Lisinopril 40 mg oral tablet

Pharmacology[edit]

Lisinopril is the lysine-analog of enalapril. Unlike other ACE inhibitors, it is not a prodrug and is excreted unchanged in the urine. In cases of overdosage, it can be removed from circulation by dialysis.[8]

Pharmacokinetics and metabolism[edit]

For adult patients, following oral administration of lisinopril, peak serum concentrations occur within about seven hours, although there was a trend to a small delay in time taken to reach peak serum concentrations in acute myocardial infarction patients. Declining serum concentrations exhibit a prolonged terminal phase that does not contribute to drug accumulation. This terminal phase probably represents saturable binding to ACE and is not proportional to dose. Lisinopril does not appear to be bound to other serum proteins.

Lisinopril does not undergo metabolism and is excreted unchanged entirely in the urine. Based on urinary recovery, the mean extent of its absorption is approximately 25%, with large intersubject variability (6–60%) at all doses tested (5–80 mg). Lisinopril absorption is not influenced by the presence of food in the gastrointestinal tract. In patients with stable NYHA Class II-IV congestive heart failure, its absolute bioavailability is reduced to about 16%, and the volume of distribution appears to be slightly smaller than that in normal subjects.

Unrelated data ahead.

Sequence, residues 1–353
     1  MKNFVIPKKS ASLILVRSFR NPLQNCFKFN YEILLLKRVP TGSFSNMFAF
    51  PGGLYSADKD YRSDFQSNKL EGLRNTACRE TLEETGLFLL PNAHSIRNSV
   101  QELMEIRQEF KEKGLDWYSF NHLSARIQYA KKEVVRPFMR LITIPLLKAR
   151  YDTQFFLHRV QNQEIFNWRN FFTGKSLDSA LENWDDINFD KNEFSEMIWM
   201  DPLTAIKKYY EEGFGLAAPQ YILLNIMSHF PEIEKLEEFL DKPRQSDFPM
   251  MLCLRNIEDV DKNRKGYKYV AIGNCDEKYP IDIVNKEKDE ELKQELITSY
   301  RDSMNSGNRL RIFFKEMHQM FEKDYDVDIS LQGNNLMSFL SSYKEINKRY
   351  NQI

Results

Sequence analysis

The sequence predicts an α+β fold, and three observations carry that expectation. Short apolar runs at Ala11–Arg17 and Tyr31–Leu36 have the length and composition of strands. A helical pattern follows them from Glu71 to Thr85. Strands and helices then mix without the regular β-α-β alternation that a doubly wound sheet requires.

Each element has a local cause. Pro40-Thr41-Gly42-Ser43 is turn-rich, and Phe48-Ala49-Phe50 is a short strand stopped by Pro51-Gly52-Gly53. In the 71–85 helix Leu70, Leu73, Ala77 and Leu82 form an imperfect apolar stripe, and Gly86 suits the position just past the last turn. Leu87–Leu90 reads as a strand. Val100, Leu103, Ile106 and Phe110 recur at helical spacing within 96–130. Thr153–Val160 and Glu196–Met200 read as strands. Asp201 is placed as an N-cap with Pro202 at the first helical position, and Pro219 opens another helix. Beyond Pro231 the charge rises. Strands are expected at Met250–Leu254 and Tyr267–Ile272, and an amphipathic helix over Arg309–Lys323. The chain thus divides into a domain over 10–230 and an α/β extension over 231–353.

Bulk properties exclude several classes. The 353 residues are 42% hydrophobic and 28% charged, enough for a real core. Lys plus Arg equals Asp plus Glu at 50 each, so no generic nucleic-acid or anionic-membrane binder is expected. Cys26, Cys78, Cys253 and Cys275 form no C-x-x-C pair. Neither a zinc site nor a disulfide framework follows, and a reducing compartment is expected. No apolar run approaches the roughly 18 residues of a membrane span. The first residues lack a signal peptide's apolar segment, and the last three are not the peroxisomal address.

The oral bioavailability of lisinopril in patients with acute myocardial infarction is similar to that in healthy volunteers. Upon multiple dosing, it exhibits an effective half-life of accumulation of 12 hours.

Impaired renal function decreases elimination of lisinopril, which is excreted principally through the kidneys, but this decrease becomes clinically important only when the glomerular filtration rate is below 30 ml/min. Above this rate, the elimination half-life is little-changed. With greater impairment, however, peak and trough levels increase, time-to-peak concentration increases, and time to attain steady state is prolonged. Older patients, on average, have (approximately doubled) higher blood levels and area under the plasma concentration time curve (AUC) than younger patients.